Eighteen years ago, when he was 31, Billy Lee Brammer published the novel he had written during long late-night stands on Lyndon B. Johnson's Senate staff. The book was called "The Gay Place"—not a loaded title then—and, except for riches, it brought Brammer all the sweet glories of early literary success…. [Respectful] reviewers proclaimed him the heir to F. Scott Fitzgerald; all the prospects were bright.
One year ago, at the age of 48, Billy Lee Brammer lay dead in Texas, technically the victim of drug abuse, but really undone by the years of frustration that had followed his great success….
[The new edition of "The Gay Place"] appears as a kind of memorial edition—a memorial one is almost afraid to read, for fear that the novel will not be as good as memory has made it, or as kind wishes want it to be.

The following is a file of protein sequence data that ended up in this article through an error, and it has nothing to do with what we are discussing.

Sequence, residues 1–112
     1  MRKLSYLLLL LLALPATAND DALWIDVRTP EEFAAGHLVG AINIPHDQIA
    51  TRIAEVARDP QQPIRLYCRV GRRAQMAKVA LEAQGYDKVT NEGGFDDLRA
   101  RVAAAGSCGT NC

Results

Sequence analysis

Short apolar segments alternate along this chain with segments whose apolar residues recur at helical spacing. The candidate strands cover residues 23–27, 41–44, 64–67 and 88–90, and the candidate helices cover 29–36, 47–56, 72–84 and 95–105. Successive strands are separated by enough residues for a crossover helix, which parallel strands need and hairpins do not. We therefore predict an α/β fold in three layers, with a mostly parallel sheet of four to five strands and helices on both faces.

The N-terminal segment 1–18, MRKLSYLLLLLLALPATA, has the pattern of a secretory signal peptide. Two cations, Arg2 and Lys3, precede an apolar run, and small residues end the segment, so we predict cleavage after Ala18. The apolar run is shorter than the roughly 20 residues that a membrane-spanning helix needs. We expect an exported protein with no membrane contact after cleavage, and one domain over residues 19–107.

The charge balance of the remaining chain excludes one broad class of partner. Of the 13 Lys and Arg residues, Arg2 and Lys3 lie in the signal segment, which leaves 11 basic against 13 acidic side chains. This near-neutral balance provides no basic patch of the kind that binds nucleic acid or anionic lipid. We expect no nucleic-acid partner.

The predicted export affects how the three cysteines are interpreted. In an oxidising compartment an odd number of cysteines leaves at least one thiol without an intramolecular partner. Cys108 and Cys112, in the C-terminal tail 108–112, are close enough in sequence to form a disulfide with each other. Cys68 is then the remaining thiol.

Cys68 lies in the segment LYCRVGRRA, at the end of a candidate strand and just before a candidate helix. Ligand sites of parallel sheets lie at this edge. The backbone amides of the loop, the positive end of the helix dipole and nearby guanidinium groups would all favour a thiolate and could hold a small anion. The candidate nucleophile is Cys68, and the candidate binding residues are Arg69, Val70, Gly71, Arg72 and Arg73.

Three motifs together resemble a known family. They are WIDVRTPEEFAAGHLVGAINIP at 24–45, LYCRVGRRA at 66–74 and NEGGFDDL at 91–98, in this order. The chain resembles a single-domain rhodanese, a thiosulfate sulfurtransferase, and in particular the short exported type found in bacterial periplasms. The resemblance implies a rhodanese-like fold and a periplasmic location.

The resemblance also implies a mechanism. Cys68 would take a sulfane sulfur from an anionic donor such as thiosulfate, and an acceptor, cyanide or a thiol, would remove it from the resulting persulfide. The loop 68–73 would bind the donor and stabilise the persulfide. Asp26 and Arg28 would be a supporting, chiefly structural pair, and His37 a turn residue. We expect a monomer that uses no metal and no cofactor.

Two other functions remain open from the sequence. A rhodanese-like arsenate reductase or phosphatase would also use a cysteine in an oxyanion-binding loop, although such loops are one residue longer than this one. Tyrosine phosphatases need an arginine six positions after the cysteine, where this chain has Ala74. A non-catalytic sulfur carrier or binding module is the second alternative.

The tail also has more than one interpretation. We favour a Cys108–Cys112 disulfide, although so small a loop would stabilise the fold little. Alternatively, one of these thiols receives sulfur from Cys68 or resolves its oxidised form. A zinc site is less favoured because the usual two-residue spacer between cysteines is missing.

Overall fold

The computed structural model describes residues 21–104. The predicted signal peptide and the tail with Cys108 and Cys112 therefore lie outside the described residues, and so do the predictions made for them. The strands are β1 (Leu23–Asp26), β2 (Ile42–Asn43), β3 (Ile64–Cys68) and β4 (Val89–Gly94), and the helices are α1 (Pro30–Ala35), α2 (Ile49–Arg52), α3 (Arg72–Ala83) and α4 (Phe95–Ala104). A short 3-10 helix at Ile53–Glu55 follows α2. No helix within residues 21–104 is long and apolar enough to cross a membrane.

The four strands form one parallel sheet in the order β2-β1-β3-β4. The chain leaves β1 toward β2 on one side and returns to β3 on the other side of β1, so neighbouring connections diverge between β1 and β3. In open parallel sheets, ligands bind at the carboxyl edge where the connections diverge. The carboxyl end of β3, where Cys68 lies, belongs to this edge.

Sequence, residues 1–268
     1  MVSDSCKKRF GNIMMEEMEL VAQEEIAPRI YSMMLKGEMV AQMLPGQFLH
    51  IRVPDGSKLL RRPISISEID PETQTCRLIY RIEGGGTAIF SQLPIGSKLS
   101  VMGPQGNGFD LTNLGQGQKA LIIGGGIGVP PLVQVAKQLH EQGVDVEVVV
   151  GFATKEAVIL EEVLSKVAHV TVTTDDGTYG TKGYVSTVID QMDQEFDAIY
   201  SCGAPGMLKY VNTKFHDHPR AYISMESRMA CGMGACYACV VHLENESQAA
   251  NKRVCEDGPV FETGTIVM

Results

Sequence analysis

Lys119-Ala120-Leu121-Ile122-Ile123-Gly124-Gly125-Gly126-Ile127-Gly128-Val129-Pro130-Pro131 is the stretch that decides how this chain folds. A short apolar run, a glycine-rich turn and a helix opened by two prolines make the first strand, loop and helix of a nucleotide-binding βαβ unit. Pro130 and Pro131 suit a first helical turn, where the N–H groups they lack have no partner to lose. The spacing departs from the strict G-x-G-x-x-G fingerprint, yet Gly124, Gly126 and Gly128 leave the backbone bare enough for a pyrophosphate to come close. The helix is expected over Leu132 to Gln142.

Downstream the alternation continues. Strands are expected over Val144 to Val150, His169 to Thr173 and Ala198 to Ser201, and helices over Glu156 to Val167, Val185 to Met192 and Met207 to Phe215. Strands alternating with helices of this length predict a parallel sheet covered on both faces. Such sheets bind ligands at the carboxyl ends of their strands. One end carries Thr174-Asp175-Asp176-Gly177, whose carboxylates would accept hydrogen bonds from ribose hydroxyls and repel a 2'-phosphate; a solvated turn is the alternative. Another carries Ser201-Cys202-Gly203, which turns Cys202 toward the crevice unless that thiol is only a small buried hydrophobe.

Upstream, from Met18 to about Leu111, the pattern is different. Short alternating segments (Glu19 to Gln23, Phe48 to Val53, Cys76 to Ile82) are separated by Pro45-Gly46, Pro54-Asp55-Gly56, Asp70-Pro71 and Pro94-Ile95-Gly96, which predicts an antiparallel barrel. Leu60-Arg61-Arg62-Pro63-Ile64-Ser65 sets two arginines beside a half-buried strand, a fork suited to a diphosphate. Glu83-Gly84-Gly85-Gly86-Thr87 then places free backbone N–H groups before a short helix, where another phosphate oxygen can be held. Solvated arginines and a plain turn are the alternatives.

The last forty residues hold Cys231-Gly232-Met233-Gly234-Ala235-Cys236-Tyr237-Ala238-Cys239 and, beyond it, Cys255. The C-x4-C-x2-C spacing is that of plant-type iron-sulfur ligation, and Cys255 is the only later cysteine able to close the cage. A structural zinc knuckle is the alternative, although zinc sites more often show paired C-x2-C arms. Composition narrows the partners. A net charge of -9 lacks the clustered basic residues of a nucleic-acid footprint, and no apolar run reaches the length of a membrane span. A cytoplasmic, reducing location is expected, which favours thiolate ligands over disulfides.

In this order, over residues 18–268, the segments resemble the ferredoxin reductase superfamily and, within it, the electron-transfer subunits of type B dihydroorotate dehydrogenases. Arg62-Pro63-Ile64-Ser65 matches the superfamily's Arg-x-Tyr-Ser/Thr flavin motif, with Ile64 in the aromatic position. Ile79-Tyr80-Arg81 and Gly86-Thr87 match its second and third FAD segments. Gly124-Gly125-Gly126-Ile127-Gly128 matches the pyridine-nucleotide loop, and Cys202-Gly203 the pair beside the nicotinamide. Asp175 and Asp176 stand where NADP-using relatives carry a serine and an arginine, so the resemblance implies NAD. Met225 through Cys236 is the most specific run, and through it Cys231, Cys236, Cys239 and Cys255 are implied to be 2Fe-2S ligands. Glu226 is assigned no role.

In fact, "The Gay Place" is even stronger than it seemed at first. With its era (the late 1950's) passed, its author dead, its central figure (Lyndon Johnson) gone from the stage, it still stands as an independent, lasting work of art that may now receive the fame and following it has deserved all along.
To give the book its most obvious due—that it is one of the best political novels—is almost to undersell its merits, because a "political" novel has come to mean one that makes up for the thinness of its characters with the grandness of their job titles and the implausible...
(The entire section is 604 words.)